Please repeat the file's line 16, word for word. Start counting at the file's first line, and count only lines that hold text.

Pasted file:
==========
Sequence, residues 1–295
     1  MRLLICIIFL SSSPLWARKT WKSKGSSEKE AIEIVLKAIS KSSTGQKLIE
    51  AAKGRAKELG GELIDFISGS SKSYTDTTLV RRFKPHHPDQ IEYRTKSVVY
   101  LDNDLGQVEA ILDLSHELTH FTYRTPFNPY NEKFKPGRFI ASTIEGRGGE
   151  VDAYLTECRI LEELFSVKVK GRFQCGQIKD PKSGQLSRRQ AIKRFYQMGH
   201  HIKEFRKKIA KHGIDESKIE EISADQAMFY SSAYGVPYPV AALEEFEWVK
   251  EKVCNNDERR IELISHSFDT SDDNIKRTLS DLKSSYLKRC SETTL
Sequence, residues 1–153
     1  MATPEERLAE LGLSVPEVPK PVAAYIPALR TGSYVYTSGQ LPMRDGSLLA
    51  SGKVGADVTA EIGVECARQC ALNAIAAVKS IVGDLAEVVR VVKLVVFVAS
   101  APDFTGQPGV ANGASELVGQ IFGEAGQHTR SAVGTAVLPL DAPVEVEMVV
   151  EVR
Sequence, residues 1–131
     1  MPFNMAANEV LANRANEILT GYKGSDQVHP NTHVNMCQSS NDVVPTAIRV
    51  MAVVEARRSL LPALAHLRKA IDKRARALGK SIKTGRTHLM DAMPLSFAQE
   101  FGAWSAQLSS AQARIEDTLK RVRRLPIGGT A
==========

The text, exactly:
   101  FGAWSAQLSS AQARIEDTLK RVRRLPIGGT A